Following yesterday’s 6.0 rated Bay Area earthquake residents of the region are continuing clean up efforts, especially in the Napa Valley wine region. Thankfully there appears to have been minimal injury to the citizens of the region, but the loss of physical property seems to be pretty extensive. A commonplace sight is store owners who are reliant on summer holiday tourism now brushing broken bottles into piles. Several winemakers in the region were hit pretty hard during a crucial time of the year: the harvest. No exact figures yet on how much was lost, but some vineyards are reporting losing up to 50 percent of inventory, including many high-end and prized vintages. No doubt we’ll have more on this later in the week.

New York Times columnist/author Clay Risen once again files an excellent article on the American craft distillery movement, this time focusing on F.E.W as a primary subject. American craft distillers seem to have the hot hand at the moment, second maybe only in demand for Japanese Whisky. Risen’s article is outstanding, and much like his recent book it’s an easy read. [New York Times]

In other “craft distillery” news, Diageo recently announced that its new $115 million distillery will bear the Bulleit name, proving once again the company is putting all its eggs in Tom Bulleit’s basket for bourbon success. However, the best article covering the press junket goes to Insider Louisville’s Steve Coomes, whose mildly snarky tone proved to be just the thing for a bourbon reception where ginger ale was served. [Insider Louisville]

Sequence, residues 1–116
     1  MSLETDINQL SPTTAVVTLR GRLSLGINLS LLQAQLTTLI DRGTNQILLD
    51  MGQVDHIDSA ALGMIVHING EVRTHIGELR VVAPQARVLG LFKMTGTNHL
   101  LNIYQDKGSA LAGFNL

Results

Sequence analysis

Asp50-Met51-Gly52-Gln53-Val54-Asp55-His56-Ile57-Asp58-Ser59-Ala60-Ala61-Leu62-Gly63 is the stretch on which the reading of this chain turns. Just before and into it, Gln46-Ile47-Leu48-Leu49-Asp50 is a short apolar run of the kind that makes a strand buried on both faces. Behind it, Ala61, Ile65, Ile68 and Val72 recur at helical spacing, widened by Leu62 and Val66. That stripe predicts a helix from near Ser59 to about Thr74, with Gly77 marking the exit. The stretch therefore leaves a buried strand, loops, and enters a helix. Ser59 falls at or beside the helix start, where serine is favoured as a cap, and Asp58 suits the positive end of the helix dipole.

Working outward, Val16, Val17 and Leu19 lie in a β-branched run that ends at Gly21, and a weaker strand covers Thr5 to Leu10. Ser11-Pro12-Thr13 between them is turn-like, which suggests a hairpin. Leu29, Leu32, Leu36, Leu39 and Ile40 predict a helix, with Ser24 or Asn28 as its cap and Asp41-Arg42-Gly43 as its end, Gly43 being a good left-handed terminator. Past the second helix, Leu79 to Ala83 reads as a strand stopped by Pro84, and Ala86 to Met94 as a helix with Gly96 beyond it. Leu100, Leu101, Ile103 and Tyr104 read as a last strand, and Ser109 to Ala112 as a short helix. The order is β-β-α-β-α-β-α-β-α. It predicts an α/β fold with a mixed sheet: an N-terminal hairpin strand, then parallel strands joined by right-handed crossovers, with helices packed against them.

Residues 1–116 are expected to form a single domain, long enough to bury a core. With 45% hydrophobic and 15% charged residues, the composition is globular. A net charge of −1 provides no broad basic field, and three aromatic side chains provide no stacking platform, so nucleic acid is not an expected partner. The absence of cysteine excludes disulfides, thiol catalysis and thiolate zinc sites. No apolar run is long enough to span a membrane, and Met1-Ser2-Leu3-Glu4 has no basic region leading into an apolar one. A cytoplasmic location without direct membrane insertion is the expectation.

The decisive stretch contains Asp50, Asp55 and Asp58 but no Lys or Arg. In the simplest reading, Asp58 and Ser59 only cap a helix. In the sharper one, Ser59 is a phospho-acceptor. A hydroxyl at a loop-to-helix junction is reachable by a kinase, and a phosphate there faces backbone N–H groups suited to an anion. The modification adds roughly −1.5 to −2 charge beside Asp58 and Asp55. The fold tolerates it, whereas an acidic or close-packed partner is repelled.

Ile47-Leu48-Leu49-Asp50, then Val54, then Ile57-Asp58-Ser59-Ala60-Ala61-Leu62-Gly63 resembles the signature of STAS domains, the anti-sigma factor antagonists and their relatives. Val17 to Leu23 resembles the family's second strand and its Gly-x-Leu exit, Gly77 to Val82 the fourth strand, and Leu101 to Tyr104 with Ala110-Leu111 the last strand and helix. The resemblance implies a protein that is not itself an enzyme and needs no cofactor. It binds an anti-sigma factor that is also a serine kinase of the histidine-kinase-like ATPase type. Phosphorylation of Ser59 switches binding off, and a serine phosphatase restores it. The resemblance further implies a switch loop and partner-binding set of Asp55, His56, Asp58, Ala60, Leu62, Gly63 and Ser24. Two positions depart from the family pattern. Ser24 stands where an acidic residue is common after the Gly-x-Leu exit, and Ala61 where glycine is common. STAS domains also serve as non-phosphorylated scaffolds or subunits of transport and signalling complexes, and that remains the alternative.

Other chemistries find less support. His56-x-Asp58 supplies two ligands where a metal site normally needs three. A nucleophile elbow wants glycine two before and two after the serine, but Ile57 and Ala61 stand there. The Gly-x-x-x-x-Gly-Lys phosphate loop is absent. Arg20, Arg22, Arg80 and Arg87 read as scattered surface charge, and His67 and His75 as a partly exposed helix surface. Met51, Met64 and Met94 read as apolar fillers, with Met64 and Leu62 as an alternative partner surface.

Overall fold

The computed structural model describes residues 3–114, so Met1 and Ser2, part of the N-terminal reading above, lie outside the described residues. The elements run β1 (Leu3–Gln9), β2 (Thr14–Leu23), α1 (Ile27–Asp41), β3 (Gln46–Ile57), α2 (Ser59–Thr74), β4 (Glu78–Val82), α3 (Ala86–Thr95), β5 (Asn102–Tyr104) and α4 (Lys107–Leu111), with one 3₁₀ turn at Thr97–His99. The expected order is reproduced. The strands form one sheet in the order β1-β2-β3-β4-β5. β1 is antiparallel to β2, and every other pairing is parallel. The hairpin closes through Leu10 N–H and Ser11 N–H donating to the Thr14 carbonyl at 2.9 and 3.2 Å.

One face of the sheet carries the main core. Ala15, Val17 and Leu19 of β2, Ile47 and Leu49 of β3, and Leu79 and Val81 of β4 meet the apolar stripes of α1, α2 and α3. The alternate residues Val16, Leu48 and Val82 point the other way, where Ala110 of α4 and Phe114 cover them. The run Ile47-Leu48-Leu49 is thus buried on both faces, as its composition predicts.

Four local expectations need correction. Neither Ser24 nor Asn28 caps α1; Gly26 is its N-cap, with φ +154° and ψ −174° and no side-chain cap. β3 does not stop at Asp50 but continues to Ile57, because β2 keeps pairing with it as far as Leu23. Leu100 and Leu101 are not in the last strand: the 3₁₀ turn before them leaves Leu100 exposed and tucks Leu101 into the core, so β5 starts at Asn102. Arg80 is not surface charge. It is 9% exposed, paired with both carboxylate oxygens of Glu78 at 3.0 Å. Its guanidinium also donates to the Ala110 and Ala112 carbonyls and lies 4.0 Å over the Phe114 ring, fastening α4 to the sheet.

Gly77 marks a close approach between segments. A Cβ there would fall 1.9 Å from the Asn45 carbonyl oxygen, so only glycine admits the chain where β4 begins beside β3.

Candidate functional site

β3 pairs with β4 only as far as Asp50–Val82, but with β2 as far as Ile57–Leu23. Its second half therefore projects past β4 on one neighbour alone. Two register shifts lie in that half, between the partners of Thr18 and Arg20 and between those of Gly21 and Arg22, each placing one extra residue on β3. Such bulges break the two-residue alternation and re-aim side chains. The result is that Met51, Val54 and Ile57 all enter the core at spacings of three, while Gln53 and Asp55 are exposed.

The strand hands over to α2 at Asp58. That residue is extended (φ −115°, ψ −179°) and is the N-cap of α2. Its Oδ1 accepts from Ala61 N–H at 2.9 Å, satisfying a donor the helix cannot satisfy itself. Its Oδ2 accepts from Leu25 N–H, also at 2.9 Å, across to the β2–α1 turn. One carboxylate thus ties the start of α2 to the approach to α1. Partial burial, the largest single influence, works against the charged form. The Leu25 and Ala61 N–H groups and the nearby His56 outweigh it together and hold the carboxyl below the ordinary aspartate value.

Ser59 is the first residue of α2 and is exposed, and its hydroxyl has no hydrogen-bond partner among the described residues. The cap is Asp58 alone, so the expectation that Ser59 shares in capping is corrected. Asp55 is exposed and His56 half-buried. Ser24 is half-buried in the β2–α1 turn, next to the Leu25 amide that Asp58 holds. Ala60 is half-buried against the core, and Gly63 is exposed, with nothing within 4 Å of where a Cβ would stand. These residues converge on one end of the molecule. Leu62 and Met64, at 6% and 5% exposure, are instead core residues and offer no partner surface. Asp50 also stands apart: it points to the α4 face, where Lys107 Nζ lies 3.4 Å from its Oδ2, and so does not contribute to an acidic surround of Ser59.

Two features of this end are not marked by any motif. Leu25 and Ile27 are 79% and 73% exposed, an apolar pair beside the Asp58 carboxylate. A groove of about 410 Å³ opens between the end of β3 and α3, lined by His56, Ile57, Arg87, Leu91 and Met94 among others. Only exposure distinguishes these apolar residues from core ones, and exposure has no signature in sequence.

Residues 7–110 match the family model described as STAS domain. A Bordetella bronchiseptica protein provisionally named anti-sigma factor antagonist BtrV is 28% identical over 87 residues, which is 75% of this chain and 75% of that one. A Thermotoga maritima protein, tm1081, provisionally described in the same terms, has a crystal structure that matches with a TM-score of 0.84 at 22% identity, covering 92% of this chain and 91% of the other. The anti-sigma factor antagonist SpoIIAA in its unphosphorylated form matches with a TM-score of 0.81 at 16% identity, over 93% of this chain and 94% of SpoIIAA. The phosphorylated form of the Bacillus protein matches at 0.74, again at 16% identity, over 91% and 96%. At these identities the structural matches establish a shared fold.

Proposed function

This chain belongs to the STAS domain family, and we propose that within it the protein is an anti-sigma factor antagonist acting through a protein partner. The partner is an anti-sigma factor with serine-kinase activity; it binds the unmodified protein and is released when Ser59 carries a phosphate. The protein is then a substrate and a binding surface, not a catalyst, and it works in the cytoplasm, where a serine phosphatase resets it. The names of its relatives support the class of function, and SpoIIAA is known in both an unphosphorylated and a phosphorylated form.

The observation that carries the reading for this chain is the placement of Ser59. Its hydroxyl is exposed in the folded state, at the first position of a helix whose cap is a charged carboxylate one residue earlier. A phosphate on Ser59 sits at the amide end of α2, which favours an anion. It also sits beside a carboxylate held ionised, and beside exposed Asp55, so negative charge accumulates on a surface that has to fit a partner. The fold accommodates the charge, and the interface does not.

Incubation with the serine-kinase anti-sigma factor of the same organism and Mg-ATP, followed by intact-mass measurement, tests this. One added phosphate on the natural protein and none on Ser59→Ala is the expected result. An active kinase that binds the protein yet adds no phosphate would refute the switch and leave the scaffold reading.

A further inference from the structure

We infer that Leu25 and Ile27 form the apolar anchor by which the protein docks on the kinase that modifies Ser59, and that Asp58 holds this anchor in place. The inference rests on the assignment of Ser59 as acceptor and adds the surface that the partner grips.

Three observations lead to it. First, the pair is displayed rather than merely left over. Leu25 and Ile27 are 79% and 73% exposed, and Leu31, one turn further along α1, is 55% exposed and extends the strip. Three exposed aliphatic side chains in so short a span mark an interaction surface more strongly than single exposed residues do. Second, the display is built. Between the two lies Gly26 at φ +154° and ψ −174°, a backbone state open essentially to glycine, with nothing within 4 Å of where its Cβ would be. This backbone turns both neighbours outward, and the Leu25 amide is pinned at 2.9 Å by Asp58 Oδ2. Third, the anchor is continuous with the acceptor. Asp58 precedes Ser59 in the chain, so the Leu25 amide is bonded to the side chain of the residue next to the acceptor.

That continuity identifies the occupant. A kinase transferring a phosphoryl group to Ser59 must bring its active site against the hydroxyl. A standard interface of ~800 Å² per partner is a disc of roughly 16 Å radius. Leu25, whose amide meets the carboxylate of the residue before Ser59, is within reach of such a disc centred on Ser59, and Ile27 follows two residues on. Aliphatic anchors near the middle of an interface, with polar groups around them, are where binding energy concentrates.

First they banned Kentucky Gentleman. Now they’re taking on Jack Daniel’s: Russia’s Federal Service for Supervision of Consumer Rights Protection and Human Well-Being (pretty awesome name, comrades) is now banning Jack Daniel’s Tennessee Honey for allegedly containing traces of insect repellent. The Russian agency has been on a roll as of late, shutting down four McDonalds and going after other American-based companies. We’re fairly certain this has nothing to do with recent sanctions against the nation, and that no one is playing politics. Russian president/potential NHL all star Vladimir Putin is way above those sorts of measures. [Bloomberg]

And finally today, Time magazine files a report highlighting the seven strangest beers laws currently on record in the United States. Unsurprisingly, the straight-laced state of Utah once again comes through with one of the most peculiar (patrons can not have alcohol without ordering food in restaurants). [Time]

Drinkhacker Reads – 08.12.2014 – Bogart Gets His Own Gin